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Tapping into your community can change your saving habits for the better

Photo: Freepik

Photo: Freepik

Published Oct 15, 2021


By Witness Ntshikilana

South Africans are known for being poor savers. Trading Economics, which provides economic indicators and data, projects that in 2022, the South African household saving ratio – which refers to the income saved by household during a certain period of time – will sit at only 0.60 percent.

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Why are South Africans not good at saving? South Africans believe that they do not have enough money to save.

While we do face a significant number of financial pressures as well as cultural expectations, such as “black tax” – which add to our expenses, I believe that the biggest contributor to our poor savings rate is a lack of financial education, which means that saving is not prioritised.

Perhaps as a result of our difficult past, many South Africans believe that it is important to be seen as leading an aspirational lifestyle. While it is important to have financial goals and dreams, the danger comes when material items and expensive experiences are purchased with money that one does not have, which creates a debt trap.

Covid-19’s saving silver lining

Yet it appears that the Covid-19 pandemic may have an unexpected silver lining, in making South Africans more aware of the importance of saving. According to statistics from the South African Reserve Bank (SARB), South Africa’s national savings rate – which is gross domestic product (GDP) that is saved rather than spent in an economy – increased significantly: from 14.2 percent in the fourth quarter of 2020, to 18.0 percent in the first quarter of 2021.

But there is still a long way to go to ensure that we have an adequate financial buffer should we find ourselves facing a future crisis or unforeseen event.

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As this is a hurdle we collectively face as South Africans, it makes sense that we need to harness the power of the collective – our communities and those around us – to start changing our saving habits for the better.

Community saving

Stokvels and burial societies are popular informal savings vehicles within South African communities. Stokvels allow you to leverage the power of collective saving, with members contributing fixed sums of money either weekly or monthly for a specific purpose, such as groceries or debt repayment. The group then decides how and when the money is distributed.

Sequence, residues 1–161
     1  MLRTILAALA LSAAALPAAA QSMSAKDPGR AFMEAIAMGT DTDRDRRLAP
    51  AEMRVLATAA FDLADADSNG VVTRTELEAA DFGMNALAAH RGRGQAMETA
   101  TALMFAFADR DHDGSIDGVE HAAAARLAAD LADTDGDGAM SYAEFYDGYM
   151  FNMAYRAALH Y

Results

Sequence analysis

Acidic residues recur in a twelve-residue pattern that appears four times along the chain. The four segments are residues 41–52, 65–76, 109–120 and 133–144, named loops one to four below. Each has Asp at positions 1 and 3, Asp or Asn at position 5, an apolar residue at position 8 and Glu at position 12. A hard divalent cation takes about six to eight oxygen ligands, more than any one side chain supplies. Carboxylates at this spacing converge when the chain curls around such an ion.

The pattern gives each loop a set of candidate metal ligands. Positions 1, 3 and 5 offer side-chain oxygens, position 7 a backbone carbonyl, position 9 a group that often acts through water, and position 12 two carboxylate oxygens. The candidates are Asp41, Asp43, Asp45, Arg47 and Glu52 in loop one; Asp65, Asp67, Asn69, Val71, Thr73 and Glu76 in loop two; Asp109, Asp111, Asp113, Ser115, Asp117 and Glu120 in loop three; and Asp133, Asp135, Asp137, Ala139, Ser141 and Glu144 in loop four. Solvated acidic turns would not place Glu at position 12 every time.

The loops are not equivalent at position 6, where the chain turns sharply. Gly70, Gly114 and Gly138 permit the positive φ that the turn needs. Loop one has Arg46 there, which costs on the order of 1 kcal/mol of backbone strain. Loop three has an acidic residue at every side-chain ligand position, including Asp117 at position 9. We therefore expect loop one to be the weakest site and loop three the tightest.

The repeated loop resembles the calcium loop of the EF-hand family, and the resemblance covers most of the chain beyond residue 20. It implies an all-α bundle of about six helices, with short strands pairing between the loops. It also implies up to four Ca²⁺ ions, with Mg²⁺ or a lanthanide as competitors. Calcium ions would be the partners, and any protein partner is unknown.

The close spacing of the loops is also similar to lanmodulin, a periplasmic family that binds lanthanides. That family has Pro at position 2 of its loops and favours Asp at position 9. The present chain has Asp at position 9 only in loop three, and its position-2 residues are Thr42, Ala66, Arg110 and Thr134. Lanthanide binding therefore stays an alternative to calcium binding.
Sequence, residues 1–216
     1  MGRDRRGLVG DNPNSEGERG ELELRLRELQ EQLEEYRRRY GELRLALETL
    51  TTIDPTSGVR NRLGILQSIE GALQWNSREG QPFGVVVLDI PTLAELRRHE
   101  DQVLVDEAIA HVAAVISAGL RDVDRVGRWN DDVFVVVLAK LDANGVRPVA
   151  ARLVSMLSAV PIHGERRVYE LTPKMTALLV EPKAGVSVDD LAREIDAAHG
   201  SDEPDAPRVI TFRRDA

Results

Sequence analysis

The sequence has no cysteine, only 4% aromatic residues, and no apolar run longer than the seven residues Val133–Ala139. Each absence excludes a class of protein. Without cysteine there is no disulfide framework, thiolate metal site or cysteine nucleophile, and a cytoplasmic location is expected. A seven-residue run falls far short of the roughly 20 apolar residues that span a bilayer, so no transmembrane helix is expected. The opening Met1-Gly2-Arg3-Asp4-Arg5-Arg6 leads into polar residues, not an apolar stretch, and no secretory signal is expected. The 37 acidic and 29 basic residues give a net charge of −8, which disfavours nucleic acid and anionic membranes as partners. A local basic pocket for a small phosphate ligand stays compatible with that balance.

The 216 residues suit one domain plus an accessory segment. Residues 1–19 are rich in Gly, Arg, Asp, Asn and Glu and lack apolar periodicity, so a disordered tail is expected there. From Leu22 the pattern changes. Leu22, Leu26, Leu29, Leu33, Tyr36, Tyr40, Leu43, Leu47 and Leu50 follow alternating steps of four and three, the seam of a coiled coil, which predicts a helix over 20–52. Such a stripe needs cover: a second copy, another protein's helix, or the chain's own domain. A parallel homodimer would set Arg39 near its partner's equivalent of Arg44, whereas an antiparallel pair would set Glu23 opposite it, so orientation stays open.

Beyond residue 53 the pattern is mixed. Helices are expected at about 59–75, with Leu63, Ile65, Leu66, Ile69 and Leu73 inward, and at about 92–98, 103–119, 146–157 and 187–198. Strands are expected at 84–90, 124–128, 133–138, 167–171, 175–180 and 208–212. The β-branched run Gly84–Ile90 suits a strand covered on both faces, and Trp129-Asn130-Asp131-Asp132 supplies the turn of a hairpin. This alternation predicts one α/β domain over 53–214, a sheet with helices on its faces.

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These are generally a good option for short to medium term financial goals, such as food or entertainment for family visiting over the festive season, for example. Burial societies are based on a similar model, except that the pay-out is made in the event of death.

The advantage of these types of saving vehicles are their community-centric nature, and the sense of belonging and support they offer to members. If you decided to get fit, it is easier to commit to exercising if you have a friend joining you for a run. Stokvels work similarly – by being part of a group dynamic, it helps keep you accountable to the group’s saving targets.

The role of the community in your personal savings

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While community savings pools are ideal for shorter term needs, you shouldn’t neglect your personal financial goals, which will allow you to build wealth over time. This is where formal savings vehicles, such as savings accounts or plans, come into play.

While these plans are typically engaged by you, as an individual, it is still possible to leverage the power of your community to determine which option is best for you, and to help motivate you to save. “There are those in your life who are willing to guide you in getting to where you want to be,” he says.

Approach a family member, counsellor, traditional leader or someone with financial know-how, such as financial adviser, and tap into their expertise and experience.

Those within your community can help you make the best choice based on your own personal goals and individual circumstances, as there are many savings options out there.

Regardless of whichever option you choose, it is important to take that first step and start saving – as well as encourage those around us to do the same. We need to create a culture of saving in our communities, and it starts with us.

If we can improve our financial health while encouraging those around us to save, our community will thrive – and ultimately, so will our country.

Witness Ntshikilana is Provincial General Manager at Metropolitan.


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